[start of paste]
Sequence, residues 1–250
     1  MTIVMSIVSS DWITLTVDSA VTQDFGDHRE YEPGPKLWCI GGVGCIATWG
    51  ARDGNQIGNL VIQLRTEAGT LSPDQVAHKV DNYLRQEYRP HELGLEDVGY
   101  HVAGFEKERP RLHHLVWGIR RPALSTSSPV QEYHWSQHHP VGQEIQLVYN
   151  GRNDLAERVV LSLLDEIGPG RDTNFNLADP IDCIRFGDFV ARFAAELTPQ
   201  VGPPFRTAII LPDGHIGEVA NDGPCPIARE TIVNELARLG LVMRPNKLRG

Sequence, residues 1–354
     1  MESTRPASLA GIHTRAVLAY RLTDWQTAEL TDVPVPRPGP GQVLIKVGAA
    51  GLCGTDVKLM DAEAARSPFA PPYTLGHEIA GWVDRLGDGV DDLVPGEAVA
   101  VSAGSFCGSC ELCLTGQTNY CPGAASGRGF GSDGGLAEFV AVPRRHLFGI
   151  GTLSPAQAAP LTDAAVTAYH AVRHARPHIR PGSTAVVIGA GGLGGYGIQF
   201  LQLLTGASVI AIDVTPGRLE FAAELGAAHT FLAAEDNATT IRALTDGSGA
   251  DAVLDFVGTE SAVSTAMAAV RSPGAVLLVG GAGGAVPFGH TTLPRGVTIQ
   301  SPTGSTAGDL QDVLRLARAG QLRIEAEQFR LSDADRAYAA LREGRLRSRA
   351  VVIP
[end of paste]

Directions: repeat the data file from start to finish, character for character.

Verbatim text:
Sequence, residues 1–250
     1  MTIVMSIVSS DWITLTVDSA VTQDFGDHRE YEPGPKLWCI GGVGCIATWG
    51  ARDGNQIGNL VIQLRTEAGT LSPDQVAHKV DNYLRQEYRP HELGLEDVGY
   101  HVAGFEKERP RLHHLVWGIR RPALSTSSPV QEYHWSQHHP VGQEIQLVYN
   151  GRNDLAERVV LSLLDEIGPG RDTNFNLADP IDCIRFGDFV ARFAAELTPQ
   201  VGPPFRTAII LPDGHIGEVA NDGPCPIARE TIVNELARLG LVMRPNKLRG

Sequence, residues 1–354
     1  MESTRPASLA GIHTRAVLAY RLTDWQTAEL TDVPVPRPGP GQVLIKVGAA
    51  GLCGTDVKLM DAEAARSPFA PPYTLGHEIA GWVDRLGDGV DDLVPGEAVA
   101  VSAGSFCGSC ELCLTGQTNY CPGAASGRGF GSDGGLAEFV AVPRRHLFGI
   151  GTLSPAQAAP LTDAAVTAYH AVRHARPHIR PGSTAVVIGA GGLGGYGIQF
   201  LQLLTGASVI AIDVTPGRLE FAAELGAAHT FLAAEDNATT IRALTDGSGA
   251  DAVLDFVGTE SAVSTAMAAV RSPGAVLLVG GAGGAVPFGH TTLPRGVTIQ
   301  SPTGSTAGDL QDVLRLARAG QLRIEAEQFR LSDADRAYAA LREGRLRSRA
   351  VVIP